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The Famous Five Invade the UK
on 12 July 2006
This is a detailed history, and a coruscating critique of New Labour's seemingly never ending and increasingly pathological infatuation with the major management and IT consultancies recycling their obvious and faddish nonsense round the world, with the UK providing the easiest and juiciest pickings. Given the near-universal commercial secrecy of the deals between the consultancies and the public sector, it is hardly surprising that there are some gaps in the costings - but Craig and Brooks seem to have come up with pretty good estimates from secondary sources and insider guesstimates. The numbers are jaw-dropping.
The authors clearly have a great deal of experience in IT consultancies (that Craig has worked in the industry for many years is irrelevant). Their account of the serial disasters in IT systems in the UK (Criminal Records Bureau, Inland Revenue, Child Support Agency, Passport Agency etc, etc) shows that New Labour is congenitally incapable of learning from its ritual mistakes, wonderfully aided in their mass-narcosis by departments themselves widely invaded by consultants who increasingly rapidly whizz round the revolving doors between the public and private sectors, and who then magic up their own self-adulatory end of term reports. Only the Commons Public Accounts Committee emerges honourably as any kind of brake on the stupidity of government departments being taken in by this bilge, and it is the verbatim accounts of exchanges in this Committee that provide the most hilariously tragic paragraphs in the book. It's not the authors' fault that the exchanges are farcical (see earlier review); the questions asked are sound and frequently hard-hitting.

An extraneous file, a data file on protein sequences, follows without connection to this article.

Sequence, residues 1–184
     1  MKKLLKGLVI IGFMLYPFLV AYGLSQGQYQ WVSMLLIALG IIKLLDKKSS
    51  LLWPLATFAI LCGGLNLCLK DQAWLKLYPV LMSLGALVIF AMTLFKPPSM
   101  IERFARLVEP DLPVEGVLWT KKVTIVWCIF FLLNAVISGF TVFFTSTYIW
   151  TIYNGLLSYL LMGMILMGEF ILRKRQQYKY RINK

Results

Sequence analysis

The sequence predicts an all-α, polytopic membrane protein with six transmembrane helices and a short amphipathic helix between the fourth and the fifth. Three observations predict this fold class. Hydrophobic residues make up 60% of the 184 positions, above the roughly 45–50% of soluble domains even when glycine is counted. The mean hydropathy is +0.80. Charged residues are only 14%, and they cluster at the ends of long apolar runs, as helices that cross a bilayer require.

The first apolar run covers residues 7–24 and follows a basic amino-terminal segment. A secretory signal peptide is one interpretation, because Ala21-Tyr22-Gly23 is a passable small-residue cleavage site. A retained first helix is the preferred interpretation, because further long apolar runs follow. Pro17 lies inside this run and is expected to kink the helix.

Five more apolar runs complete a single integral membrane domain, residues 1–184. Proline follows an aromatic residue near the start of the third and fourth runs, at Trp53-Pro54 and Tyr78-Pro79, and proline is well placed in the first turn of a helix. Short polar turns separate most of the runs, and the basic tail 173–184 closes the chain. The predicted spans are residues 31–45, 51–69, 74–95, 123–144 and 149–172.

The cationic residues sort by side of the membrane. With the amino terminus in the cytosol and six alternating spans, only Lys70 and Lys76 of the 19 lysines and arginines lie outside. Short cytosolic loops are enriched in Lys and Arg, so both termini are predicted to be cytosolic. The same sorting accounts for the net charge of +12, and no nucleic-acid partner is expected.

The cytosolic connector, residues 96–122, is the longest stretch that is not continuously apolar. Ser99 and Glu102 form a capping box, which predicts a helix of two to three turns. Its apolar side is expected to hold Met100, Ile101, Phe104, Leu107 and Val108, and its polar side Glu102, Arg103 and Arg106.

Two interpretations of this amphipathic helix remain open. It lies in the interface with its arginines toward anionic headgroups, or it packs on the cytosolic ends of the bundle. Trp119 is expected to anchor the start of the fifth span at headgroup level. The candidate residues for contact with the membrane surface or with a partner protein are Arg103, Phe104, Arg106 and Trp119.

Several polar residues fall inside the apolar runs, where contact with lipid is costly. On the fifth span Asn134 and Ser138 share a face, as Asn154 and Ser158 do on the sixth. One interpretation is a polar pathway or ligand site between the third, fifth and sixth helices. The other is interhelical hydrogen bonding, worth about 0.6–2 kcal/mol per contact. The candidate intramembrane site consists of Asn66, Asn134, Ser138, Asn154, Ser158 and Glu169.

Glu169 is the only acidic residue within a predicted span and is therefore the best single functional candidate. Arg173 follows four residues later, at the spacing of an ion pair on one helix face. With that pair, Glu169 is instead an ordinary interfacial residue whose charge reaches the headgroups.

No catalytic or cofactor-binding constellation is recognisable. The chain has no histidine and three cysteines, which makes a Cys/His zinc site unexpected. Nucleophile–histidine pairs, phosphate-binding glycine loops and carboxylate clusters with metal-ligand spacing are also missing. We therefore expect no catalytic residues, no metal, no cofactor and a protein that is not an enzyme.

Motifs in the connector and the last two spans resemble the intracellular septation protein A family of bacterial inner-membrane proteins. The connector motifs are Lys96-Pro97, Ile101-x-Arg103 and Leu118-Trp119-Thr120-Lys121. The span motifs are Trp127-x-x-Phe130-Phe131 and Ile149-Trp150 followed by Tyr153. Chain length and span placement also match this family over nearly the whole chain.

The almost incomprehensible gullibility and near-criminal wastefulness of procurement within the Ministry of Defence is outlined, but the most detailed case study is that of the NHS National Project for Information Technology, now called Connecting for Health. From my reading of the serious press, this appears to be an exhaustive and accurate critique of the largest IT project ever undertaken - anywhere - and poised on the cusp of the most spectacular collapse of all the many disastrous IT initiatives of this Government. But there ARE good things in the project, and some obvious solutions for preserving these, while ditching the useless and harmful, are proffered. Tragically, for a government so apparently obsessed with small business, the multiple small companies that produced so much niche and specialist software, much of it for healthcare, have been ruthlessly elbowed out by the new providers of gargantuan centralised systems.
Finally, some broader solutions are explored. The USA recognised the gravy train as far back as 1996, and legislated to prevent the worse excesses of the consultancy industry; in addition, insider information is encouraged, with financial rewards for those who root out scams. In the UK, the consultancy industry appears, from this account, to be completely out of control, and New Labour is now so nearly coterminous with it that even if they were able to recognise the problem (which they can't), and wanted to extract themselves from it (which they don't), the absorption is now probably irreversible. Please read this deeply upsetting book, and get all your friends in the Public Sector to buy it as well. It just might have an effect. All other hope is utterly lost.